Hi:

I've noticed several people talking about Headroom when discussing some aspects of the Bose. What exactly is the definition of Headroom?...in layman's terms if at all possible. I'm not a sound engineer, etc.

Thanks,

Stu
Original Post
Headroom

"Headroom, Max Headroom"


"Headroom is a term used in signal processing (audio, data, etc) to refer to the maximum allowable signal level before compression or distortion."
-- more at wikipedia

"The difference between nominal operating level and peak clipping in an audio system. For example, a mixer operating with a nominal line level of +4dBu and a maximum output level of +22dBu has 18dB of headroom. Plenty of room for surprise peaks."

Source: Mackie ProSound Mixing and Recording Glossary


Having said all that, our Bose Systems if set-up correctly, don't tend to distort as they get louder.

What does tend to happen is, beyond a certain point - they just don't get any louder. That point is well beyond what you would want to endure by the way.

BUT

There are signal peaks - a Drum hit for example that can and maybe should be a lot louder. If the System has lots of headroom, it will be able to accomodate that.

I really do picture our tall friend in the picture above, riding in a vehicle. If the vehicle goes over a quick rise in the road, our buddy may bump his head on the roof of the vehicle. If there is plenty of head room, he won't.

Strange little similes aside, if a system (any system) doesn't distort as it exceeds its capabilities, then it may be difficult to tell (especially with ear-fatigue), just how loud you are running, or that you are just too loud. Some people (not most) get to that point and start experiencing the sense that no matter what they do, the System doesn't get louder, or respond to transient peaks. That's being out of headroom.

Does that work for you Stu?
Hi ST:

Yes, I believe it does work for me. Thanks for the explanation.

Which leads me then to ask this: When someone states, for example, that there is not sufficient headroom, preventing the vocals from coming through, does that have to do with the part that, no matter how much louder you turn up the vocals (in the mix) they don't pop out the way they were expected to? And would the solution then be to lower the overall volume to bring out the vocals more, and just deal with less overall volume as a result, etc? Or are the vocals not coming through for some other reason (other than a volume thing) that could also be attributed to a lack of headroom...if that makes sense.

I'm not having headroom problems, by the way (that I'm aware of). My PAS is performing just fine for me. I'm just trying to learn some of this terminology.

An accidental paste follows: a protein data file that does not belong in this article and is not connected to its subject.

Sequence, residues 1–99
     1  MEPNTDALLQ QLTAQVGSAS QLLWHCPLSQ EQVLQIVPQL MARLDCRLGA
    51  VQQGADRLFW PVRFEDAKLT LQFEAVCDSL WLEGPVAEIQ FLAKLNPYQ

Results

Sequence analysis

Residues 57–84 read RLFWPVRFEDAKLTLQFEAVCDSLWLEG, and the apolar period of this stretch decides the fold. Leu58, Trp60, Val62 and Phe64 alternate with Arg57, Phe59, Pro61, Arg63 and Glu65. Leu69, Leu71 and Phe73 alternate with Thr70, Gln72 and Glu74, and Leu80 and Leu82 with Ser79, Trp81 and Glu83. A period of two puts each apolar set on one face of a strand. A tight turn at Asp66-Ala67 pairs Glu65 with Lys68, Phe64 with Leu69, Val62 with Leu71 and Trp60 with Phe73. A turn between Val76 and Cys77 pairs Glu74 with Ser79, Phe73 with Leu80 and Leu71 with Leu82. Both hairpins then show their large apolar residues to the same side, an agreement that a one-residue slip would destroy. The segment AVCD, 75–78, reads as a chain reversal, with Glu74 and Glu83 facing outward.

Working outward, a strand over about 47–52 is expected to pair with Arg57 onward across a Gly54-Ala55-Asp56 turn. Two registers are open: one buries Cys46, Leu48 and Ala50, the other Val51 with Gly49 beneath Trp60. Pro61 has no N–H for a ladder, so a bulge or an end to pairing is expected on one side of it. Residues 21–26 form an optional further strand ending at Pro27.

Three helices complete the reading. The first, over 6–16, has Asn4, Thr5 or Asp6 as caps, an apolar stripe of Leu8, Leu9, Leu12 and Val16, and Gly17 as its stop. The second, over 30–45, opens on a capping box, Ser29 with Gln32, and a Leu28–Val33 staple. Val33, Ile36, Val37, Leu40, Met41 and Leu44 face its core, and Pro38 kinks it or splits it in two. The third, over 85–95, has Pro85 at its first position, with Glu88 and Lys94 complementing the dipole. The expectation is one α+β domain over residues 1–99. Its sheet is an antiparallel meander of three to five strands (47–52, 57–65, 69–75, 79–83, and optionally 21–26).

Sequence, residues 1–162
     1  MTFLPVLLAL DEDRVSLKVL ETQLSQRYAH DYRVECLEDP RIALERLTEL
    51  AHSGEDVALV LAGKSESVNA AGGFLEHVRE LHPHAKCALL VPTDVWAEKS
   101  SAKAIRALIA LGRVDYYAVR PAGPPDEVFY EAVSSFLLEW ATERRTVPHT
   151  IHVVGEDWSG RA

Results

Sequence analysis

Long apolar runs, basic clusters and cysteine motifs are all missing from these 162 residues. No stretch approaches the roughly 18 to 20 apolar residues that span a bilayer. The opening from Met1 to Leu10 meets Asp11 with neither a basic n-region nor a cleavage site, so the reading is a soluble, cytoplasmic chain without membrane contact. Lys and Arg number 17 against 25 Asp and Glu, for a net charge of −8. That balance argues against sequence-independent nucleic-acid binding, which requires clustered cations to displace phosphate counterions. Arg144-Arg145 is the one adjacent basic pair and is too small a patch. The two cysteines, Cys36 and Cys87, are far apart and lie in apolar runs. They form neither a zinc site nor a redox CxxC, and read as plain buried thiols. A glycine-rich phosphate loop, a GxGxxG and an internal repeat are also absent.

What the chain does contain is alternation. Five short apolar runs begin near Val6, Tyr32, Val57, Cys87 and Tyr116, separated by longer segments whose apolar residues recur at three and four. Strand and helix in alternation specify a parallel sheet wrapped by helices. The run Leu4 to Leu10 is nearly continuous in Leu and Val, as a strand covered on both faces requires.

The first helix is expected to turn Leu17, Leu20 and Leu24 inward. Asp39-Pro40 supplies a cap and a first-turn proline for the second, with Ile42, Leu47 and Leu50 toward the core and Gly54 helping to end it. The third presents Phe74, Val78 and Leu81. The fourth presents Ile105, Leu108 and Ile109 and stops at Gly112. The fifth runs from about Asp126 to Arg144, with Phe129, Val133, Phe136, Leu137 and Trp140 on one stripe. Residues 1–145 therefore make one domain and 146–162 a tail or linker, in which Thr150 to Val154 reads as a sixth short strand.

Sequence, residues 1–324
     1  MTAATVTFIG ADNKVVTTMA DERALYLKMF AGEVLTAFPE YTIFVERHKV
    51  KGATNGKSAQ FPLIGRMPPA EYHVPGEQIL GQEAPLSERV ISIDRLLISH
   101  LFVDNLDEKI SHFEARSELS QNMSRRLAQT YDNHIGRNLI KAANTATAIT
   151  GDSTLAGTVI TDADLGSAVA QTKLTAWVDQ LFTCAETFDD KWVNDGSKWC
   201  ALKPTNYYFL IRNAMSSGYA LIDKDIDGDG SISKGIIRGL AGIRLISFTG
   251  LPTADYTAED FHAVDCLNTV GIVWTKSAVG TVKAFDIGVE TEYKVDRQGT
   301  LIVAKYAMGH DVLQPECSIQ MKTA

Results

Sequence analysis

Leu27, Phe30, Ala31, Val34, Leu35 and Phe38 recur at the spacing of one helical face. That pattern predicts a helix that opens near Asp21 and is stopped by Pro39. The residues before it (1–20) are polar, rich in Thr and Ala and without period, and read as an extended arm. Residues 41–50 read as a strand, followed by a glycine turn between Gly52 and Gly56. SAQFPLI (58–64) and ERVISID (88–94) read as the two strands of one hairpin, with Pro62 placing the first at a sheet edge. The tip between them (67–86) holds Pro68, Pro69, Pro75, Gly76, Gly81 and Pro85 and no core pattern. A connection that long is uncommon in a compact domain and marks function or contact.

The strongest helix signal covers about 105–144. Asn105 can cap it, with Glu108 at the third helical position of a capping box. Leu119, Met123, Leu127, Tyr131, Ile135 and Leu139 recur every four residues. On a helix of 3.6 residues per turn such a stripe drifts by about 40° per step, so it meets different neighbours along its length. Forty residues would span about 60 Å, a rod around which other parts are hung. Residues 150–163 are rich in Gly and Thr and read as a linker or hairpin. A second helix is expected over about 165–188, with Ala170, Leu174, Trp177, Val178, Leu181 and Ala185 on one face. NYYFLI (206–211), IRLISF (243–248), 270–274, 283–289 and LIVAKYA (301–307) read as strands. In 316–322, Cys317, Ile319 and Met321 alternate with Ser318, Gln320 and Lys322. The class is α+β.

Thanks,

Stu
Hi Stu,

quote:
Originally posted by StuartD:
Hi ST:

Yes, I believe it does work for me. Thanks for the explanation.

Which leads me then to ask this: When someone states, for example, that there is not sufficient headroom, preventing the vocals from coming through, does that have to do with the part that, no matter how much louder you turn up the vocals (in the mix) they don't pop out the way they were expected to?


Headroom can be expressed in fairly concrete terms or as in the case above, anecdotally.

Your statement fits. But there are other symptoms that could also be attributed to a lack of headroom. I think we would want more information before drawing a conclusion.

quote:

And would the solution then be to lower the overall volume to bring out the vocals more, and just deal with less overall volume as a result, etc?

Could be. Other solutions could be to reduce/eliminate certain kinds of effects if used, change mics, different mic technique. There are a lot of things that can contribute to a perception that the vocals are not sufficiently prominent in the mix.

quote:


Or are the vocals not coming through for some other reason (other than a volume thing) that could also be attributed to a lack of headroom...if that makes sense.


We could go on for a very long time exploring other factors that could contribute to the problem.

quote:


I'm not having headroom problems, by the way (that I'm aware of). My PAS is performing just fine for me. I'm just trying to learn some of this terminology.

Thanks,

Stu


Hey Stu, you're welcome.

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